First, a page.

HIPAA Best Practices
Despite the Health Insurance Portability and Accountability Act (HIPAA) first being enacted over 20 years ago, some organizations are still found to be violating HIPAA Rules. Common causes for violations are related to security procedures. Below, we will outline some essential areas that HIPAA covered entities and their business associates should review to avoid sanctions for HIPAA violations.
HIPAA was put in place to help people maintain insurance coverage while between jobs and to protect private health information. Covered entities include health plans, health insurers, and medical service providers.
HIPAA is chiefly enforced by the Department of Health and Human Services’ Office for Civil Rights (OCR) who are responsible for checking compliance with most parts of the HIPAA Privacy and Security Rules. Violations are often solved through voluntary compliance or issued guidance. However, the OCR does reserve the right to impose financial sanctions.
The majority of reported violations involve improperly using or disclosing protected health information (PHI). This can happen through weak security, not correctly allowing patients access to their PHI, or the lack of appropriate administrative data protections.
These errors indicate that many covered entities are failing to implement the necessary security procedures. This is somewhat surprising as one of the very first parts of HIPAA, CFR 45 164.308 (a)(1), requires organizations to put policies in place to “prevent, detect, contain, and correct security violations”.
Some of the necessary steps needed to introduce these protections include:
Risk Assessment – Analysis of risks to the privacy, integrity, and security of PHI
Risk Management – The steps being taken to reduce risks to a “reasonable and appropriate level”
Sanction Policy – The internal penalties related to violating security or privacy procedures
Information system activity review – Introducing regular audits and reviews of activity logs and access history, as well as recording security incidents
Prior to these steps, a common sense approach should be taken to understanding all of the PHI the organization controls, and how they should manage it.
Identify the concerned systems – A vital first step that many do not complete is properly identifying all IT or information systems that deal with PHI. These systems should be examined and their function and hierarchy ascertained.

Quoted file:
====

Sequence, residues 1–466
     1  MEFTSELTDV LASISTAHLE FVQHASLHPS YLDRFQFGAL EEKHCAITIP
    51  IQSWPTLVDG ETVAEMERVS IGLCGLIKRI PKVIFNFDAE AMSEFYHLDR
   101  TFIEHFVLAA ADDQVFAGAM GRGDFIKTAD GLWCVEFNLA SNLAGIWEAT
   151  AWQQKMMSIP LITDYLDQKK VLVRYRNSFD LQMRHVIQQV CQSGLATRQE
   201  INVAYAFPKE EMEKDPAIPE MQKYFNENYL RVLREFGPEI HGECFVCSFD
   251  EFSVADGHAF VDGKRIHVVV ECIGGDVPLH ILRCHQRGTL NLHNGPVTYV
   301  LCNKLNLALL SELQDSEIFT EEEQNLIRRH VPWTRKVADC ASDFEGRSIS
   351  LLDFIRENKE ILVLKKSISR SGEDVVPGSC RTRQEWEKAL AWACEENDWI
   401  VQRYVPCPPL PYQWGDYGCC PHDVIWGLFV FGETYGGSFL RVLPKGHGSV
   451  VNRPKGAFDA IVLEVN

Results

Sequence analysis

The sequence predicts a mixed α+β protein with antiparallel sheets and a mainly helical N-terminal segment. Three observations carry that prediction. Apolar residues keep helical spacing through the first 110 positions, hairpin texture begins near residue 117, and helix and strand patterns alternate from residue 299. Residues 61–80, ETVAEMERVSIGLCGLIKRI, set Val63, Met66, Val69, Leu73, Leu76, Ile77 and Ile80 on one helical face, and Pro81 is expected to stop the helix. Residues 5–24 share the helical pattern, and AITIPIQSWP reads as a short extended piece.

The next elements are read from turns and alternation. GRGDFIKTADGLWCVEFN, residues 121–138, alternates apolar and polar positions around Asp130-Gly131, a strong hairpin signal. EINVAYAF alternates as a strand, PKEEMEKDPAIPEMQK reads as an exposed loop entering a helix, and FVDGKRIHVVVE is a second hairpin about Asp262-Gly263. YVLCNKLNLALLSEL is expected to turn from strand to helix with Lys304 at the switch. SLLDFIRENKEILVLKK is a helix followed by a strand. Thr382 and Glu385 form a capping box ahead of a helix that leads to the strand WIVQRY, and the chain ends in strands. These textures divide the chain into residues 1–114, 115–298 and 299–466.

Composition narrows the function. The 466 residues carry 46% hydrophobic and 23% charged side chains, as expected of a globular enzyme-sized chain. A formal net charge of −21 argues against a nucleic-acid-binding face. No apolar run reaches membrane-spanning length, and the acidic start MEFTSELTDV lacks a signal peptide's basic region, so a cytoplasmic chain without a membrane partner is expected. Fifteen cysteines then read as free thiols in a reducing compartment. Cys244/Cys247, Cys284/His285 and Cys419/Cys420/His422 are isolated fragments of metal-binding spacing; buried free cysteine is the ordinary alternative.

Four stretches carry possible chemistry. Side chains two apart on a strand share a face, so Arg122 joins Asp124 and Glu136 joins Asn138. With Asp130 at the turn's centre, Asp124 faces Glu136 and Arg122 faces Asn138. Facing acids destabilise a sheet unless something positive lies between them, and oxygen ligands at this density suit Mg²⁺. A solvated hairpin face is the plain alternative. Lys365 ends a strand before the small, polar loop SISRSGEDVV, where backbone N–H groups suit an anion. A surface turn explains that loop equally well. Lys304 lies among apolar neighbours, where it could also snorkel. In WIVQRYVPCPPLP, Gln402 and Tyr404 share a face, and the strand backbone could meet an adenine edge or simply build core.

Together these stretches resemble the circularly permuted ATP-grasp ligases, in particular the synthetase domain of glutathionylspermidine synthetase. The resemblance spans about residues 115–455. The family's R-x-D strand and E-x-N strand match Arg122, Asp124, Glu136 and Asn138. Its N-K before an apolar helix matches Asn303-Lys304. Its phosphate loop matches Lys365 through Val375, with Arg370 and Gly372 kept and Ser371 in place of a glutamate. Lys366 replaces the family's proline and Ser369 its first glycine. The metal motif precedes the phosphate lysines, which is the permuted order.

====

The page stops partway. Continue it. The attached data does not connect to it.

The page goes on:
Organizations should pose the following questions:
Does the hardware and software in the information systems include removable media and remote access devices?
Have the types of information under management been identified?
Has the sensitivity of each type of information been evaluated?
Conduct a risk assessment – The risks and weaknesses of information security must be completely understood.
Organizations should consider:
- The risk of natural disasters of the location of the facility
- Whether responsibility has been designated for all concerned hardware
- Whether existing safeguards and identifiable risks have been examined
- Whether all processes involving ePHI — including creating, receiving, maintaining, and transmitting protected information – have been appropriately addressed
Required IT systems and services – Once the risks related to IT and information security have been understood, new software or infrastructure may need to be put in place to maximise security. Examples include:
- Multi-Factor Authentication
- Data-at-Rest Encryption
- Data-in-Transit Encryption
- Cryptographic Key Management
Before putting these safeguards into place, consider:
- Compatibility between new security measures and current IT systems
- Cost-benefit analyses to measure possible investments against potential security risks
Develop and implement policies and processes – New procedures must have an assigned owner, who is responsible for ensuring they are followed. If no one is responsible, no one takes action. Introduce measures with clear accountability to stimulate compliance.
All actors in the healthcare space, from public clinics to private insurers, must abide by HIPAA Rules and internal procedures to keep PHI private and secure. The above guidelines can be used to help your organization conform to best practices, protect PHI, and avoid sanctions for HIPAA violations.